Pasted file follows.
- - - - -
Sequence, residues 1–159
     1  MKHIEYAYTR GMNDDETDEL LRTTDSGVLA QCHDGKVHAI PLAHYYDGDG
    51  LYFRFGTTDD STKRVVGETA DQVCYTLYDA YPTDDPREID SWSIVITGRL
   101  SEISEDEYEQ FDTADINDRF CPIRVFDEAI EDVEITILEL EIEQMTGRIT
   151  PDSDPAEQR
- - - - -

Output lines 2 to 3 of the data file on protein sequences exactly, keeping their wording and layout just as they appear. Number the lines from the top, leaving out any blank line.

     1  MKHIEYAYTR GMNDDETDEL LRTTDSGVLA QCHDGKVHAI PLAHYYDGDG
    51  LYFRFGTTDD STKRVVGETA DQVCYTLYDA YPTDDPREID SWSIVITGRL